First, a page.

THERE is growing concern for the safety of the crew of an unseaworthy tug that has gone missing, just weeks after it set sail from Manx waters.
Detention notices were served on ex-Admiralty vessel Juliette Pride II, and its sister ship Juliette Pride I, preventing them from setting sail from Newlyn, Cornwall.
Both Tanzanian-flagged vessels were deemed unsafe following an inspection by Coastguard surveyors who found numerous defects and deficiencies, many relating to safety equipment.
But in the early hours of Sunday, March 3, both boats jumped detention.
They are believed to be heading for Lagos, Nigeria, where their new owner Prince Akoto is based. But neither vessel has been spotted since – sparking fears about the crew’s safety.
Five Georgian crew members of the Juliette Pride II were stranded in the island for months after the boat arriving here in mid-December, having encountered engine problems.
With the seamen running desperately low on food and money, the Salvation Army stepped in to provide food parcels.
Negotiations conducted via harbour officials subsequently resulted in the mariners receiving their unpaid wages totalling $35,000 and air fares home to Georgia. Before they left, they thanked the Manx authorities for all their help.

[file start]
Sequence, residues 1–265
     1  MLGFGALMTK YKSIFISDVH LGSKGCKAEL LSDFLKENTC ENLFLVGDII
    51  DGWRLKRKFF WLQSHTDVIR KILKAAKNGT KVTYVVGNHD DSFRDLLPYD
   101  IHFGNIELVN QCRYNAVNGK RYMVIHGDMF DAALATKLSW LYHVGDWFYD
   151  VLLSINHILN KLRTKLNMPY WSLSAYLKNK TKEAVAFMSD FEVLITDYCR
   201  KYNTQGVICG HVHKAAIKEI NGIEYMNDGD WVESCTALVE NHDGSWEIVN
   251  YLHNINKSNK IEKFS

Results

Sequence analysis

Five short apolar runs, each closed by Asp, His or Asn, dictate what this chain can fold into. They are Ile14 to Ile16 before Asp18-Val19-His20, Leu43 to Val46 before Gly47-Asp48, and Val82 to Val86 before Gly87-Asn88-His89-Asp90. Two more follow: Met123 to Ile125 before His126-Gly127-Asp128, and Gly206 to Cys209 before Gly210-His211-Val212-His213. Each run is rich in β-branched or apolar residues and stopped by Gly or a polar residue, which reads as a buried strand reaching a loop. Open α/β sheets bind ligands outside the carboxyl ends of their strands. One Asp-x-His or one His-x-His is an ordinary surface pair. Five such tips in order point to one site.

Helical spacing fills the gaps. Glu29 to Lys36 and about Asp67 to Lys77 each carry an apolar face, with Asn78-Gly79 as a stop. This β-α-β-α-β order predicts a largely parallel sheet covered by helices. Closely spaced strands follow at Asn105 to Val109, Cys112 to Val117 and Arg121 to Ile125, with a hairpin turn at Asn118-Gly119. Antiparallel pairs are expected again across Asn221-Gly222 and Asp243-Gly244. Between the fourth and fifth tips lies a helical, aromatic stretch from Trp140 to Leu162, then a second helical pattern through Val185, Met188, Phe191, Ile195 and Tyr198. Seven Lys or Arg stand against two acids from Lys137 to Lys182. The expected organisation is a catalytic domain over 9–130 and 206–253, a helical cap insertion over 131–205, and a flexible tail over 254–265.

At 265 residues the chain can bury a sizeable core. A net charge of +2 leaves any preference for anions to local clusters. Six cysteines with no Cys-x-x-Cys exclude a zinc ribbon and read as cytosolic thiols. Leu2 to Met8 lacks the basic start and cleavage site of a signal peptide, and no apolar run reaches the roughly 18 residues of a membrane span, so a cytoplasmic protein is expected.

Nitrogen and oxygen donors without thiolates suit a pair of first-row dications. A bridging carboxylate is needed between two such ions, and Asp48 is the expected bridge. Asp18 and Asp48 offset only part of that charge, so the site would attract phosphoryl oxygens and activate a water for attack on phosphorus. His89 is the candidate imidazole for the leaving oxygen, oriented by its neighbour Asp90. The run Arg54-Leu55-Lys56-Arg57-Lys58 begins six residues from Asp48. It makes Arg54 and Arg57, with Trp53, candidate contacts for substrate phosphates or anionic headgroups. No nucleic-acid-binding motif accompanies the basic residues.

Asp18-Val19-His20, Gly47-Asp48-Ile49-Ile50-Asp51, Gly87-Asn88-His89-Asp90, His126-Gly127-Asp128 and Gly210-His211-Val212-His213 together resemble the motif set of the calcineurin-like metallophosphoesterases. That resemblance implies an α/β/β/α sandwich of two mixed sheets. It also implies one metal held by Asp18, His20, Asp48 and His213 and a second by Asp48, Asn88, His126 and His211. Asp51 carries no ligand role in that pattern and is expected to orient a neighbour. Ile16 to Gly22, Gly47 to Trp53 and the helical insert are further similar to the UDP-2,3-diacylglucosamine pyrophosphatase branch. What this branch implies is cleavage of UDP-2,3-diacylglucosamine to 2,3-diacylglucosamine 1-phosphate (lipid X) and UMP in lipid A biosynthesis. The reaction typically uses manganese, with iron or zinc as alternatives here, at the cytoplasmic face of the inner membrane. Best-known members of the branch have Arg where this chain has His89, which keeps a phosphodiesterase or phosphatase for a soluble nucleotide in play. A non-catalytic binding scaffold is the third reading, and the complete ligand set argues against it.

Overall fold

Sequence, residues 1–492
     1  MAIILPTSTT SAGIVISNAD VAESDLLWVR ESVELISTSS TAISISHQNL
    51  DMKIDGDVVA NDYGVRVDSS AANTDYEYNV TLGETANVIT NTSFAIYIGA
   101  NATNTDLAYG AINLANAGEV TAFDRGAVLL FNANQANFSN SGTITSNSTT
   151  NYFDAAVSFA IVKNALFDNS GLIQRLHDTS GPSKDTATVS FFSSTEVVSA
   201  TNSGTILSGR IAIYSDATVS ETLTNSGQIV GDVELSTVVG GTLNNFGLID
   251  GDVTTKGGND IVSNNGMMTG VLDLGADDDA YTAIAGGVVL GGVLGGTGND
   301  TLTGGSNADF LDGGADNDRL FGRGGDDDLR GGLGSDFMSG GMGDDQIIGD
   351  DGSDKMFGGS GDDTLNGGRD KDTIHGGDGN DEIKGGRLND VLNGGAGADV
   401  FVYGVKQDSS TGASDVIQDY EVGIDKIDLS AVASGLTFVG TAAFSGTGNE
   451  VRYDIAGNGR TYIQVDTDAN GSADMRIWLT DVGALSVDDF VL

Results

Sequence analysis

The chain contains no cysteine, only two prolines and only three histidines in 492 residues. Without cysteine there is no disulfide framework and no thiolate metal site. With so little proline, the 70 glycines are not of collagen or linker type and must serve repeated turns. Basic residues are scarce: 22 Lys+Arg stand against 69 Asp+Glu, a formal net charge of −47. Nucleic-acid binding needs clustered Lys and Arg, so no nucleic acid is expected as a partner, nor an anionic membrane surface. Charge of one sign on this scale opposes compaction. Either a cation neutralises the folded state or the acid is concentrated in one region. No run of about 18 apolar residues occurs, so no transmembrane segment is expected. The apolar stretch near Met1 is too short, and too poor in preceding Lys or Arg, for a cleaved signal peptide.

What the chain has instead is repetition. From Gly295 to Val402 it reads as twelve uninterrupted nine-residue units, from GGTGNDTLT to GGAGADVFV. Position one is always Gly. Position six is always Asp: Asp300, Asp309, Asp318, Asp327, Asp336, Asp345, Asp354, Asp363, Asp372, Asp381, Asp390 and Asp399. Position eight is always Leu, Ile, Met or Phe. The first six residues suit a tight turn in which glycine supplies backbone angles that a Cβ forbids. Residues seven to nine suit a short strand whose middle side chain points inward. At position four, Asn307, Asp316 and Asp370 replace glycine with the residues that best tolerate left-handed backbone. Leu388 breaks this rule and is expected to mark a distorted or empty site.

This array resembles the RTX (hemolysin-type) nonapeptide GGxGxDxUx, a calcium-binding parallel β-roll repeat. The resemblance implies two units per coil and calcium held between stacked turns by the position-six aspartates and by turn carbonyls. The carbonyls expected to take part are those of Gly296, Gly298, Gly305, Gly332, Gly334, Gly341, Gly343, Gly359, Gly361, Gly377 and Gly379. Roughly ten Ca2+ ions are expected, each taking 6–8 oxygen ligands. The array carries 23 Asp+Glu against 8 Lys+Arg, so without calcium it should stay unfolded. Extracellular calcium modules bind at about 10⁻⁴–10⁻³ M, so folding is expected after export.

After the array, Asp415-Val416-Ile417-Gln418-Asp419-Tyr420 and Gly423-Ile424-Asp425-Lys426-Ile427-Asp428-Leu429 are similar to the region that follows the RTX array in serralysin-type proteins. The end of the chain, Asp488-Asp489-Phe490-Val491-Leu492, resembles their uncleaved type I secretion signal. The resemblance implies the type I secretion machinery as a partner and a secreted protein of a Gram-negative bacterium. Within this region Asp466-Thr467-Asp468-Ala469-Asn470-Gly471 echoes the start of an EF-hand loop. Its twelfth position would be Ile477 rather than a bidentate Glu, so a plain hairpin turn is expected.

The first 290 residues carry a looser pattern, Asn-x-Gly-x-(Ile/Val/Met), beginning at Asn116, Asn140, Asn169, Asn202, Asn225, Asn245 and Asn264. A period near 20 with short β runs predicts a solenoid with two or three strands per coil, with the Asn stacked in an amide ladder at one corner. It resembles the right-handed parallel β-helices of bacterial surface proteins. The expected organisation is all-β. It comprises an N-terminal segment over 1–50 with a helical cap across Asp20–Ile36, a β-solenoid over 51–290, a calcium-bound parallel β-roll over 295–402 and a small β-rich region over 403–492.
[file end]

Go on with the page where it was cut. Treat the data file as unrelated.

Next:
The vessel, with a Ghanaian replacement crew, set sail last month on the next leg of its passage to Nigeria, only to be impounded on its arrival at Newlyn where it had rejoined its sister vessel.
Jo Rawlings, of the Maritime and Coastguard Agency (MCA), said: ‘Following inspections, we issued detention notices on the Juliette Pride 1 and 2, preventing them from setting sail. These notices are issued when vessels are deemed unsafe.
‘In the early hours of Sunday, March 3, both vessels jumped detention from Newlyn harbour. We are now looking into this matter. We issue detention notices for a reason. We only do this if we are really concerned. We deemed them to be unsafe – certainly not safe enough to set sail. There is an obvious concern that wherever they are heading, they may not make it in one piece. It’s not looking too hopeful we are able to track them down, especially if they’ve left UK waters and gone into international waters – we don’t have the power to bring them back.’
Coastguard officials believe on-board tracking equipment may have been deliberately disabled.
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Weather for Isle of Man
Thursday 23 May 2013
Temperature: 6 C to 10 C
Wind Speed: 35 mph
Wind direction: North west
Temperature: 7 C to 14 C
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